● Councils have £75m worth of art... much of it in storage

● Unions want it sold to ease the threat of jobs being axed

● Arts leaders say cultural heritage would be destroyed

UNIONS have called for cashstrapped councils to consider selling art kept in long-term storage, after The Northern Echo discovered that the region’s local authorities own collections worth more than £75m.

But arts groups have warned that losing carefully built up collections could have devastating effects on education, tourism and the region’s cultural heritage.

The news comes as councils face the toughest public spending squeeze for decades, after the Government announced swingeing cuts to cope with the economic downturn.

A total of £75,558,553 worth of paintings, sculptures and other artefacts are owned by the region’s 13 councils.

The largest collections are: ● Newcastle – £26,500,000; ● Middlesbrough – £25,046,581; ● Durham – £8,000,000; ● Sunderland – £7,100,000; ● Hartlepool – £6,789,000.

Merv Butler, chairman of Unison’s local government group, said councils should do what they can to avoid making people redundant.

“Local authorities are facing a severe financial situation and we need to look at all options to avoid cutting jobs,”

he said.

“If there are assets that could be realised to provide direct support for revenue grants or to boost resources, they should consider that this is the time to take a serious look at it.”

The figures were released following Freedom of Information requests submitted by The Northern Echo.

Of the remaining authorities in the North-East, Darlington’s collection is worth £844,395, Stockton’s between £500,000 and £1m, Redcar and Cleveland’s £240,000, North Tyneside £25,266 and South Tyneside £13,311. North Yorkshire owns no art, while Northumberland has not recorded the value of its collection.

Gateshead Council has not responded.

The figures are values recorded for insurance purposes, and do not reflect market value, which could be higher or lower.

Mark Robinson, the executive director of Arts Council England North-East said that the region’s cultural heritage could be “destroyed” by shortterm financial decisions.

“Art collections are valuable assets for the public good,” he said. “They represent the heritage of our region and our people, and as such should not be dispersed for temporary benefit.

“Although the public sector faces challenges, it needs to respond to them in ways which protect our heritage and our future.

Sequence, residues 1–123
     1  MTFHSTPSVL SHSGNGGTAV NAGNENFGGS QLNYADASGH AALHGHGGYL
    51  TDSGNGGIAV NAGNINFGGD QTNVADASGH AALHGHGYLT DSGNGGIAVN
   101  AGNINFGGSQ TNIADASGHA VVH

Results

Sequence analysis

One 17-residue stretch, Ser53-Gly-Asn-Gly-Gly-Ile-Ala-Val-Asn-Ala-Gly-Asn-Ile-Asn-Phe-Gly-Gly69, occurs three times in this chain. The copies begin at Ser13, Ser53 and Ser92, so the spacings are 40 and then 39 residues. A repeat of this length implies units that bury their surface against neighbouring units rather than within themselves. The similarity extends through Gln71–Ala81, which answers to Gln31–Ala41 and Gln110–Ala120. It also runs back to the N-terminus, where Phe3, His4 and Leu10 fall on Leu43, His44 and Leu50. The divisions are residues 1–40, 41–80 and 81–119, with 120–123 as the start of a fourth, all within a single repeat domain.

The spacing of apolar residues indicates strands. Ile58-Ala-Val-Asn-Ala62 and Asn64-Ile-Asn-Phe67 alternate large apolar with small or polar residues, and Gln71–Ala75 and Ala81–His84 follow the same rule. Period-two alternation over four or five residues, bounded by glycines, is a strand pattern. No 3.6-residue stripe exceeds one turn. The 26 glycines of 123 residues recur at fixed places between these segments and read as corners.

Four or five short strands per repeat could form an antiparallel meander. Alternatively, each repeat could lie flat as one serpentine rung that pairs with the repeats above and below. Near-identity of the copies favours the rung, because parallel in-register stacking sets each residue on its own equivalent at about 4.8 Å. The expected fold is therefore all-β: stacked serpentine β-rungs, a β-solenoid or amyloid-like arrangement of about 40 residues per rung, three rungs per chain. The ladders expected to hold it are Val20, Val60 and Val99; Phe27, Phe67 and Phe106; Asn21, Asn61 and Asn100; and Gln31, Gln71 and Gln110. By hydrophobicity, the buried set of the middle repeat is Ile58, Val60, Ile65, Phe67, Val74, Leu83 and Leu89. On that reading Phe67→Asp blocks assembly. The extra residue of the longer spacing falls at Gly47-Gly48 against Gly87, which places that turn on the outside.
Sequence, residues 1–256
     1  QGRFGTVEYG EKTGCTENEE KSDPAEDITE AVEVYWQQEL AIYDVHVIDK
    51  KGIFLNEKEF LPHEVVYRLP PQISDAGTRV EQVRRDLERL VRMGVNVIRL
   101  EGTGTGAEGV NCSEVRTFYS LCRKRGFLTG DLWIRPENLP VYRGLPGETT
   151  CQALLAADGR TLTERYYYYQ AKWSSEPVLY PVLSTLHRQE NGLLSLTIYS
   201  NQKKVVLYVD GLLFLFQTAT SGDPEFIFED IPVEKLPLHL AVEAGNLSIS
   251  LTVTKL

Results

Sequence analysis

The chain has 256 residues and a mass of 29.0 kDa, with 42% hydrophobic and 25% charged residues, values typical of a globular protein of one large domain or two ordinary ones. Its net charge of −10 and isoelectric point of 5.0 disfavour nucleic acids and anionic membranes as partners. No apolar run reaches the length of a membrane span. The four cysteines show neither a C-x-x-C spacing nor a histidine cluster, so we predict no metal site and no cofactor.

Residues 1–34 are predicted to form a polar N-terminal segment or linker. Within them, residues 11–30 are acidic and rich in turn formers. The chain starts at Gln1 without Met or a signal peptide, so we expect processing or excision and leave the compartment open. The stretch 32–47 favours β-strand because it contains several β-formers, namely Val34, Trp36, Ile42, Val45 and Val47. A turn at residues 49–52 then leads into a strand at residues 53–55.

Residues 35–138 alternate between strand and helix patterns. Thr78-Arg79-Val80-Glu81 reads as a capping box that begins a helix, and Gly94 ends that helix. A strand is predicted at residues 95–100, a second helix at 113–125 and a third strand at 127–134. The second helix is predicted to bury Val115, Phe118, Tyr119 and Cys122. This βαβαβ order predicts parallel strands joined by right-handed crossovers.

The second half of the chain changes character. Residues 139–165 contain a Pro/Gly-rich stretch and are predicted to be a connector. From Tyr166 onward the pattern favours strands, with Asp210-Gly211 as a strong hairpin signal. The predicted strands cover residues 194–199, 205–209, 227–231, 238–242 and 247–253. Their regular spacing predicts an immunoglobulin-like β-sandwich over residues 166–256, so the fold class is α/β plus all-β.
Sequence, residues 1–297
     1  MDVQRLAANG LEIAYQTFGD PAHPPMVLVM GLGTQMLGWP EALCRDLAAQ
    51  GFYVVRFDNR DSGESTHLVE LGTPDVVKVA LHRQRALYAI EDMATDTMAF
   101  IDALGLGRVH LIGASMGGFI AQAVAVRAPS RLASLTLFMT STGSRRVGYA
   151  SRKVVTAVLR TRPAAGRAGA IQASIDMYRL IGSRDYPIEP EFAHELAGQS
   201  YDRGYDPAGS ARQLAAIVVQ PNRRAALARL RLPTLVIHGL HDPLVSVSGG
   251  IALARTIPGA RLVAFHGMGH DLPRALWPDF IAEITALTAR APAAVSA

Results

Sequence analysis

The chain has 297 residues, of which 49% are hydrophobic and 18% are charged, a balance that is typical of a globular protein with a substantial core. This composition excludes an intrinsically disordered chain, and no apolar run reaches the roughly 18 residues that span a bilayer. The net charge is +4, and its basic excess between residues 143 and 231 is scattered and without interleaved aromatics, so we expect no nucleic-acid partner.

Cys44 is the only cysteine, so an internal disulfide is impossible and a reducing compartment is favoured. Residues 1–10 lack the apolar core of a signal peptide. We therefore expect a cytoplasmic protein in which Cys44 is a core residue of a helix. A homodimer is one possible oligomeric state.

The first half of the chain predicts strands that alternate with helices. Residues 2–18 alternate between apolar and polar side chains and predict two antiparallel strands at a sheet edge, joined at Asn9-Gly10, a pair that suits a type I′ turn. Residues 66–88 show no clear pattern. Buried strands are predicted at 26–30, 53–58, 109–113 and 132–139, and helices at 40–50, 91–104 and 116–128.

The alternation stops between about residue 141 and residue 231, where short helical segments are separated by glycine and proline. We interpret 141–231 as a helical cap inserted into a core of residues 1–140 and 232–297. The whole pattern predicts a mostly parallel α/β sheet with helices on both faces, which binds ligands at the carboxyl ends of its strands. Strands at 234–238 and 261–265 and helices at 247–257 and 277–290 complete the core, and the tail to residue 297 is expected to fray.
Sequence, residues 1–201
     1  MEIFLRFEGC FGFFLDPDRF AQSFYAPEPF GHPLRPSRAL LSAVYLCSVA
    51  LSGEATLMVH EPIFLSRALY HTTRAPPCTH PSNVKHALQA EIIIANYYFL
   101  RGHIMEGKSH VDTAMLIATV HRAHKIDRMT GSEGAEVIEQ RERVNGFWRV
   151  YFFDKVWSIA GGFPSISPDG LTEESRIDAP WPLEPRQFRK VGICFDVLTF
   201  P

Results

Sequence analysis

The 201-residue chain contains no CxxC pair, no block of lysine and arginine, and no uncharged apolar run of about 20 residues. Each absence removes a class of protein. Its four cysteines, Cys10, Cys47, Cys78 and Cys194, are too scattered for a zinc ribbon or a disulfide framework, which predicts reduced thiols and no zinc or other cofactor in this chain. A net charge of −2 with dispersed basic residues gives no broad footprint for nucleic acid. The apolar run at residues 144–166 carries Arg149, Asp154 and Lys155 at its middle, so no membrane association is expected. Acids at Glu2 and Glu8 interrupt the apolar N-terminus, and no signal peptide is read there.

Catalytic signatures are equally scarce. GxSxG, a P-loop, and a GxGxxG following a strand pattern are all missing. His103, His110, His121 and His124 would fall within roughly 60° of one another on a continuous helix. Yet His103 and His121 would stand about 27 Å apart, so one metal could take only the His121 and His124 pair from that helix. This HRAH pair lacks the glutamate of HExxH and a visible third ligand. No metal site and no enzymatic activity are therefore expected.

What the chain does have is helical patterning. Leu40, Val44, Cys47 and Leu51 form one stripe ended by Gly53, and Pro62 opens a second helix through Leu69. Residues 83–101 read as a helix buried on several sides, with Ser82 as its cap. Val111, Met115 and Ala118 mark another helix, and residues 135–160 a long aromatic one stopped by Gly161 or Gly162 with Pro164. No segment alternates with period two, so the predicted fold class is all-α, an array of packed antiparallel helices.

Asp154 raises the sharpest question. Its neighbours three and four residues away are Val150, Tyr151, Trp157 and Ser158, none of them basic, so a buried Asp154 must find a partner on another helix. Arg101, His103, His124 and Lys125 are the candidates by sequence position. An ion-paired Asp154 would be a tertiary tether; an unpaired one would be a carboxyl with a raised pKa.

“The role of arts collections in attracting visitors to the region also needs to be remembered.

This has a direct economic benefit as well as making our region a more attractive place to live, work and invest in.

“If we destroy quality of life by simply focusing on what are deemed to be essential front line services, we risk making the region a less attractive place at exactly the time we need to make the most of all our assets.”

The figures do not include independent galleries such as the Bowes Museum, in Barnard Castle, and the Baltic art gallery, in Gateshead.

Hartlepool owns the 1959 oil painting Shell Building Site, by Frank Auerbach, which is on loan to the Courtauld gallery, London. One of Newcastle’s prized assets, The Breton Shepherdess by Paul Gauguin, is on display in The Laing.

Other works are on display at venues including mima in Middlesbrough, and Durham City’s DLI Museum and Art Gallery, but many are kept under lock and key in longterm storage.

Of Hartlepool’s 1,062 pieces, most are not on display, Redcar and Cleveland has 1,000 in storage, although Stockton displays 542 of its 566-strong collection. Darlington has a collection of 543 items, but only 99 are on show.

Durham has 43 works by high-profile artists in storage, including a Norman Cornish depiction of a Spennymoor bar scene insured for £3,000 and an industrial scene by LS Lowry worth about £5,500.

“We are in an extremely tough position across the North-East,” Mr Butler said.

“Some of the last two years’ settlements were very low and the demand on services, particularly adult care and children’s services, have been outstripping the money available.

“All options should be explored before redundancies are announced.”

Richard Stokoe, of the Local Government Association, said selling art could prove unpopular with local tax payers.

“When Bury Council tried to sell a Lowry a few years ago, there was a huge outcry,” he said.

“Even if North-East councils sold all £74m worth of art, the market is depressed, so they might not maximise the value to the taxpayer.

“If works of art go into the hands of private collectors, it is lost for good.”

Middlesbrough artist Margaret Shields said a number of her works were in storage.

“They’re just in limbo somewhere,”

she said. “Some galleries, like mima, regularly contribute pieces from their own collections to exhibitions.

At least that way, they are being recycled, rather than kept hidden away.

“Some collections are just being forgotten about.”